— alexanderrusso (@alexanderrusso) April 20, 2015
Enthusiasm and annoying repetition are not very Awl-like, but what can I do? I’m sure there are good reasons to hate the site (super-white, super-male might be an issue), but still it’s hard to argue with bits like these that I’ve found and shared over the years: More Dumb Ideas About Education [skewering George Mason economics professor for urging schools to imitate supermarkets]; The Evil Economics Of Judging Teachers; How They’re Destroying Philadelphia’s Schools [by Lucy Madison]; Venture Capital’s Massive, Terrible Idea For The Future Of College; Your Massively Open Offline College Is Broken; Soros and Gates — Our Billionaire Philanthropists; Maybe Teachers Aren’t To Blame For Every Terrible Thing.
The gist of education pieces in The Awl is often critical of popular reform ideas, but in a way that’s smarter and less self-interested than usual. It’s like a smart, honest version of what you might read in Salon.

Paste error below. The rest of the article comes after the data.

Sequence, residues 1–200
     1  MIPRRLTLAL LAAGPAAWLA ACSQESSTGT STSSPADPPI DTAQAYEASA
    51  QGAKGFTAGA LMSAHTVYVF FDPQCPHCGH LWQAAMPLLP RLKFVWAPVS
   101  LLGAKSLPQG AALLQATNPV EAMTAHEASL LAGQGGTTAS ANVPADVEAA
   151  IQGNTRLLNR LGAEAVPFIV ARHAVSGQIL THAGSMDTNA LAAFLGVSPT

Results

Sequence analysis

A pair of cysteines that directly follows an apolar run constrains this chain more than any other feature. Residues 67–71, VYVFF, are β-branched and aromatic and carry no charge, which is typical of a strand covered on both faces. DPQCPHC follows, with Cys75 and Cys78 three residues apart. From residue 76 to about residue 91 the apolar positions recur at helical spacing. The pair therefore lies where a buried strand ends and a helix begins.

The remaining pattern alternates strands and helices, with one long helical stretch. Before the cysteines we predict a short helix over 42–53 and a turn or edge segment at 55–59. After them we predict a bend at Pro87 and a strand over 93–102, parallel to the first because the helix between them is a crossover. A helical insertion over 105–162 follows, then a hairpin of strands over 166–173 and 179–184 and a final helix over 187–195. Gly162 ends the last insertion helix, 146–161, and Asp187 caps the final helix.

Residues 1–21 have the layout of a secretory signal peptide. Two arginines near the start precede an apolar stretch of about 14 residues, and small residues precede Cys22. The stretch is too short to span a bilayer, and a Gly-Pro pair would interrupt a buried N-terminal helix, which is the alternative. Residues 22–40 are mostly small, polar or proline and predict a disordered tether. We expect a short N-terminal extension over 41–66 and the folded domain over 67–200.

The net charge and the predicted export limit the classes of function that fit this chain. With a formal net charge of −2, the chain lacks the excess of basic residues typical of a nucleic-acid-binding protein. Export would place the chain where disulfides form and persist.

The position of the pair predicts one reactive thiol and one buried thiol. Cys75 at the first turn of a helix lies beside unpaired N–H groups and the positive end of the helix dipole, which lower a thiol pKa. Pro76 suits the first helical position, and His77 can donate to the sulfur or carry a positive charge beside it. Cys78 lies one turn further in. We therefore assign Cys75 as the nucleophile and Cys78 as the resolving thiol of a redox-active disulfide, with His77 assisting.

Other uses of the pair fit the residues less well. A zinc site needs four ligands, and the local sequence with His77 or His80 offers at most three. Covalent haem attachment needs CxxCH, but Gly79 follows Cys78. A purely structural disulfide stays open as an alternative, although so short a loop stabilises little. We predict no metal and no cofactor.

Among the many new things I learned reading this The Verge article about the site are that (a) it’s hired Gizmodo editor Brian Barrett to run a new parenting vertical (which in my mind is just a hair’s breadth from an education vertical), and (b) in the near future colleges and professors might offer “in-app purchases” or provide native advertising during their lectures:
Struggling to keep a straight face, Buchanan describes college lectures with professors delivering sponsored native ads indistinguishable from the course — environmental science brought to you by Exxon. “In-app purchases for college! College premium! I can’t wait!” Herrman says.
While we’re waiting for the parenting vertical to launch, is there something else that’s smart, bleak, viral-free, and otherwise Awl-like for education out there that I don’t know about? If not, there should be. Or at least you should be pitching them stories so that they’d cover the topic more frequently. Or if there’s a problem with The Awl that you have spotted, I want to know about that, too.